Tax Disclosure

Did you know that in Scandinavia tax information has been public for over a century? In Sweden copies of the Taxation Calendar, which lists the earnings of those with middle to high incomes, can be requested. The Finnish tax administration publishes the tax list online, and searches on individuals cost about 36 cents per search. But no one trumps Norway that publishes what every single taxpayer paid in taxes along with their income and net worth. This list, or skatteliste, has been available online since 2001 and is searchable. Italy, believe it or not has also jumped on this band wagon, albeit momentarily. In 2008, the deputy finance minister made taxpayer income and taxes paid available online but the data was pulled down by Italy’s data protection agency less than 24 hours after it was made available.

Disclosure of this nature is foreign to us here in North America. Well, at least in modern times. The 1861 US federal income tax law made tax filings public information and newspapers regularly published this information. That said, back then, very few people actually paid taxes. The public nature of tax filings only lasted until 1894, except for a short lived experiment in 1923-24.

To us the release of information related to income and taxes paid would not pass our modern privacy laws. This might be a good thing since in Norway there seems to be a link between the release of the annual data and robberies at the homes of high income earners as well as related fraud cases. However, it might also be a bad thing as disclosure appears to aid with tax compliance.

How does disclosure aid with compliance? Well it: provides transparency, can be used to detect and prevent tax evasion, and maintain public confidence. After all, given that your neighbours can search your information and rat you out if you submit erroneous information, you are more likely be compliant with tax laws.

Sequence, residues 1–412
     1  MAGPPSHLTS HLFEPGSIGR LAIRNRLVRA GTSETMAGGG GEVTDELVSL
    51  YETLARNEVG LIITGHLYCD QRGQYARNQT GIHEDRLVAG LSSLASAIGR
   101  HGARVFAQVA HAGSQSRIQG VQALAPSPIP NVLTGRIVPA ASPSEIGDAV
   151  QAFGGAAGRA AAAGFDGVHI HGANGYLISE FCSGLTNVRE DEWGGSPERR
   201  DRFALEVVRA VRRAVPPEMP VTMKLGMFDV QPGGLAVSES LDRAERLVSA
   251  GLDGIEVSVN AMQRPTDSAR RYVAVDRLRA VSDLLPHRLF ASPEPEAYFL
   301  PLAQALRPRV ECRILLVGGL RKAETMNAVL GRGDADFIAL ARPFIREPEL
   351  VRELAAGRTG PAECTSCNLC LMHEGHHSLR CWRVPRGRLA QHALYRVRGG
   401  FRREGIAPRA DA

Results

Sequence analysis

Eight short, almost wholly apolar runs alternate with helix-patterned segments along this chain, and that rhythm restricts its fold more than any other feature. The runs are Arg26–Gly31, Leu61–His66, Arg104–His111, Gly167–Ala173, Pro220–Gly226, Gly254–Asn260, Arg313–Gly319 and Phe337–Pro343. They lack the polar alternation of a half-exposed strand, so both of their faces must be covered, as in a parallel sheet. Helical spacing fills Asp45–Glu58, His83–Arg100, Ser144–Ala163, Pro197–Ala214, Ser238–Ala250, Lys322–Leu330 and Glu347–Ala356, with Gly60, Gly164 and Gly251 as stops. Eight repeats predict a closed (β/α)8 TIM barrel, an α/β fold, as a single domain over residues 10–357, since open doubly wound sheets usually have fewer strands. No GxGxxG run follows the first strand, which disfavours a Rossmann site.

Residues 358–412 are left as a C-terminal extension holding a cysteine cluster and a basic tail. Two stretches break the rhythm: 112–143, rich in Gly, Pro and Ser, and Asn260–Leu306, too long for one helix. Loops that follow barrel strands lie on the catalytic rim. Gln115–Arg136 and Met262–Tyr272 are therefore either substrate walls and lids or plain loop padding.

Recently Bo, Slemrod, and Thoresen put this theory to the test. These authors exploit the change in Norway where tax information was put online in 2001. They find that there was a 3% higher average increase in reported income among business owners once information was freely and easily available online. Slemrod has also argued that tax disclosure should be the norm for corporations. He rightfully argues that public financial statements provide no information about the corporations tax status. Instead, corporations tend to report high book income the public yet low income to the tax authorities, resulting in very low tax amounts being paid. However, when Paul O’Neill was Treasury secretary he opposed such disclosure as it would subject the corporations to “misinformed, inexpert analysis.”

Whatever your position, the notion of tax disclosure is an interesting one. For public sector workers whose income is already publicly available in most provinces it might even the playing field if everyone’s income is made public. In addition, making tax data freely available would be a gold mine for any academic working in the field of tax. That said, the individual costs might be high if it subjects you (and your children) to robberies, bullying, and other negative behaviours. What do you think?

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